Our parent firm was already using a home-grown research database for contribution and distribution of 400 GB of research information. It was suggested that we copy their setup and code to meet our rapid startup requirement. Our parent firm had implemented a Sybase ASE 11. 9 database running on high-end HP Unix servers (hp superdome with 256GB memory with a 2000GB (2TB) mirrored storage array)engineered for large-scale databases. This high-end architecture is ideal for the specific demands of online transaction processing workloads and high availability (never goes down).
Unfortunately, the whole setup is very expensive and very centralized (Hong Kong). In order to meet their performance criteria, they resorted to distributing all or parts of the database across multiple servers in different time zones. This was very expensive solution to maintain because of the database licensing, hardware, communication costs associated with distributing the data, and personnel to support the distributed databases (3 databases x 55 tables in each database x 4 countries).
We were starting with 6 countries and over 100,000 simultaneous users. The arent solution cost would have an initial capital expenditure of $4,200,000 and a run rate of $46,000 per month (to start). Our budget to start was some where around $125,000 (not including personnel). Using a copy of Microsoft SQL Server 2000, I prototyped the database and supporting structures (indexes, stored procs, tables, etc) in two weeks using our parent firm and another successful internet-based research supplier as templates for our base service.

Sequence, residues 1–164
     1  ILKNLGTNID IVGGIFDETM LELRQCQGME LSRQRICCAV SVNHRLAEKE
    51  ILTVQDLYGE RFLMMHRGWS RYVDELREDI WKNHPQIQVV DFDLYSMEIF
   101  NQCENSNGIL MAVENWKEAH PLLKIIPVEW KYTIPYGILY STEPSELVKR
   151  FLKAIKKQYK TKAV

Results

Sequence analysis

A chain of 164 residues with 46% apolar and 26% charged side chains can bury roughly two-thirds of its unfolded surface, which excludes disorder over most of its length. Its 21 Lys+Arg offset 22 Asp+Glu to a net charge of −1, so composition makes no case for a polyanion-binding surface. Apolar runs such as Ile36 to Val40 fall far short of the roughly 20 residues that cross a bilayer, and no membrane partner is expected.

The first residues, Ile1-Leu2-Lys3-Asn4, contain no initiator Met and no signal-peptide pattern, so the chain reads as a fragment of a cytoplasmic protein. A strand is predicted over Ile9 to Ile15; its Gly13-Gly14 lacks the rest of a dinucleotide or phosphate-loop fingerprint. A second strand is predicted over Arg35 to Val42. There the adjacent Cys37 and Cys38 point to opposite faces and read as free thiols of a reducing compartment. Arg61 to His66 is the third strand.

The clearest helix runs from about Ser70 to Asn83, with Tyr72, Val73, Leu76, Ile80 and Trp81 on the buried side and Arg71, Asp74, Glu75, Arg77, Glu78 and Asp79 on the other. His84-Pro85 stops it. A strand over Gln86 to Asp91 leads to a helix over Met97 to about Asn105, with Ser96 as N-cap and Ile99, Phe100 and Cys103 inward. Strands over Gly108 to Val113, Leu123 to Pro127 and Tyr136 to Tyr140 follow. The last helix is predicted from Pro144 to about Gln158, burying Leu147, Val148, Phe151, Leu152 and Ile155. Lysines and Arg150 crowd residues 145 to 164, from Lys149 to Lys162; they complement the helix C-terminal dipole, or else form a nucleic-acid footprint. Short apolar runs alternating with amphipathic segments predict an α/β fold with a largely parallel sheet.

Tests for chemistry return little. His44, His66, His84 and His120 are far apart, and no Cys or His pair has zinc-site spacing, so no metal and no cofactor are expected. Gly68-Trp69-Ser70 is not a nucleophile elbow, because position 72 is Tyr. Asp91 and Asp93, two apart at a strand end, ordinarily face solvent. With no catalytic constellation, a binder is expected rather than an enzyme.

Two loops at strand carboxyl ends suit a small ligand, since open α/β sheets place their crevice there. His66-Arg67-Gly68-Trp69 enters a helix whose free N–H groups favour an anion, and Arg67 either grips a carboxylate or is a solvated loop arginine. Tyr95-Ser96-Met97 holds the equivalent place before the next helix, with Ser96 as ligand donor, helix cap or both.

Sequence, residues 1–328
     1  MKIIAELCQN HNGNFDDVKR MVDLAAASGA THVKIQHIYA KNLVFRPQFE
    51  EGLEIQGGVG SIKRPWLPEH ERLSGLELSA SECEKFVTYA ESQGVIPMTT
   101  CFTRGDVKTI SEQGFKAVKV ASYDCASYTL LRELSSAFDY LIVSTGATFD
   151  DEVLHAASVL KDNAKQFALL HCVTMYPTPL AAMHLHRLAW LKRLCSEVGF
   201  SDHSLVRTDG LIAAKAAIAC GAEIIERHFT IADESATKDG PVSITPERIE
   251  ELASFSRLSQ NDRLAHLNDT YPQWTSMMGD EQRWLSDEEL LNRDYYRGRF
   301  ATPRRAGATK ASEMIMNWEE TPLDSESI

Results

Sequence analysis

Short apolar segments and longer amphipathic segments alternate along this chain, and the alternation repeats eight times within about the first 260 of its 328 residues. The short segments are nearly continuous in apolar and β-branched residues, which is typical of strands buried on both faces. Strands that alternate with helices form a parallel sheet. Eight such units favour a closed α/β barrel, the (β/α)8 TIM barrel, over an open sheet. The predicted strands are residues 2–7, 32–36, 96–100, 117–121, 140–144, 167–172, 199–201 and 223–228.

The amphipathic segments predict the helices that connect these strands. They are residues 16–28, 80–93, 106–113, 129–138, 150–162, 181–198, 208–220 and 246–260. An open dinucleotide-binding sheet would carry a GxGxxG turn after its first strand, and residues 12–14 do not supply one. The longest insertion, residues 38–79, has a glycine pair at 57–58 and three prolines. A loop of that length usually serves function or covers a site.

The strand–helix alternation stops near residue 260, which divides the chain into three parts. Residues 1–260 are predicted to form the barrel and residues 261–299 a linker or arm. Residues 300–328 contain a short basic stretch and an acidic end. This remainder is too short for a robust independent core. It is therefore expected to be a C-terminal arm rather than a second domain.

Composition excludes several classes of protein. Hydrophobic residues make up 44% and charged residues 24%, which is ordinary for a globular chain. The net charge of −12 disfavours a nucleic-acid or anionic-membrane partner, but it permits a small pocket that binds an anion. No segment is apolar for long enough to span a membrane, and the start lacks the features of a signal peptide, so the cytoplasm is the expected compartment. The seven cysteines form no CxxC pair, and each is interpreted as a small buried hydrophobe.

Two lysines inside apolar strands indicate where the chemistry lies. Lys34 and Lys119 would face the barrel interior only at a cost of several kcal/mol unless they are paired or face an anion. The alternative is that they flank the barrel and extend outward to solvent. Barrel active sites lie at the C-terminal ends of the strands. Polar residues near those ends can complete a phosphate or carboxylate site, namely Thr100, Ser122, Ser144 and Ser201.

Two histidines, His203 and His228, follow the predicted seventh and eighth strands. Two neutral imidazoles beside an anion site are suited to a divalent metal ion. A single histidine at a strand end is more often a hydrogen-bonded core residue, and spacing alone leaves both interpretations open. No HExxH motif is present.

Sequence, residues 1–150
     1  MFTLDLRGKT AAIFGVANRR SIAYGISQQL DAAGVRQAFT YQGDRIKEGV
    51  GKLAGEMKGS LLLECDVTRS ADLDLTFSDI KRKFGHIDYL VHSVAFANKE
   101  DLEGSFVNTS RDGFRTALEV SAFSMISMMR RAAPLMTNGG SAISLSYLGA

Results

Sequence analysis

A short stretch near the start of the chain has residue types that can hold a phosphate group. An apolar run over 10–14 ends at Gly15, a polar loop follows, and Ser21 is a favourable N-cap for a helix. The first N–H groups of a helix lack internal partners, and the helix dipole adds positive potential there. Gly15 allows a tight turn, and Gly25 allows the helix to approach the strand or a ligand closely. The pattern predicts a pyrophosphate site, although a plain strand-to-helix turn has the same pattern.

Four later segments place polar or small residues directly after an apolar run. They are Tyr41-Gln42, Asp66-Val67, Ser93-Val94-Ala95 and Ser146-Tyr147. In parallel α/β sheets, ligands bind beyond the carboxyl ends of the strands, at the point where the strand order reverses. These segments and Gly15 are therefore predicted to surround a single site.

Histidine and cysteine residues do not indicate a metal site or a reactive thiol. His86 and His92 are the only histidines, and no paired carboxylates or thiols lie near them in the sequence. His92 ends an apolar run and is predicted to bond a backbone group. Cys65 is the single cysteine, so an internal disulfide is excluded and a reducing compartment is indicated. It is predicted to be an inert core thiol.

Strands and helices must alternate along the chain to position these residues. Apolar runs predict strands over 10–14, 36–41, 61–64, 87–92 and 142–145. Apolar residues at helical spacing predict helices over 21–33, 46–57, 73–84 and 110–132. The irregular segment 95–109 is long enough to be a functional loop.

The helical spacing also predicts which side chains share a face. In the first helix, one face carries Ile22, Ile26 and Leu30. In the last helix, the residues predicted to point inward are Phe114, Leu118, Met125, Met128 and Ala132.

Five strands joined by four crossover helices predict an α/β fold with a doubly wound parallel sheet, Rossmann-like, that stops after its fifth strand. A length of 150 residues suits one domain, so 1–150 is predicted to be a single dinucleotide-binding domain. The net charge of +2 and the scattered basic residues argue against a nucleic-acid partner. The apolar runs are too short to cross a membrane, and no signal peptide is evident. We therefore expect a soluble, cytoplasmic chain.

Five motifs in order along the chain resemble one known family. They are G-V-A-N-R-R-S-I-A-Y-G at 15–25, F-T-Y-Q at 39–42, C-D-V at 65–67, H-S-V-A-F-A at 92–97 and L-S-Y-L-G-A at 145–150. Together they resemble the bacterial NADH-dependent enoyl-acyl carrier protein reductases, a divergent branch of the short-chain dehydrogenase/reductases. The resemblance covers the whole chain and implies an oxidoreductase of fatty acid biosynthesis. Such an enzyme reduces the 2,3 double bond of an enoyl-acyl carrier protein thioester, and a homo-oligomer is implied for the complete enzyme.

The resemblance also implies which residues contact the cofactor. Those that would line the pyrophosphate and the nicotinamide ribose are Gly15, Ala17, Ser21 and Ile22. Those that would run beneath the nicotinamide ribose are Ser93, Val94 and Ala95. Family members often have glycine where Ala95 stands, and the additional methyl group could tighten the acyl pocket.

The majority of the database activity revolves around a master transaction table for collecting and distributing data. Seperate reference tables (in 1-to-many relationships with the transaction tables) are used for user ccess, markets, countries, clients, contributors, names, address, etc, in order to minimize table maintenance and complicated screen inputs. Command-line batch jobs using SQL BULK INSERT we created to transfer data between database servers.
In six weeks we were ready to test the system’s performance on a Compaq Proliant 8500 class machine with 8 CPUs, 16GB memory, with external storage for 200GB. We had <3 second response time with a simulated load of 250,000 internet users. The rest of the hardware ($65,000) plus software (database, middleware, and tools) ran just under $35,000. To overcome the issues of high availability (very apparent when dealing with any Microsoft OS), we built redundant servers for $100,000 and installed clustering software.
Each dual cluster can support 500,000 users for just under $250,000. When we roll out the system in production, it’ll cost 1/4 of the parent firms system and support twice the number of users. And instead of using remote distributed databases for enhancing the access times, we contracted with an internet data caching service that manages this sort of application distribution problem for a fraction of the original cost.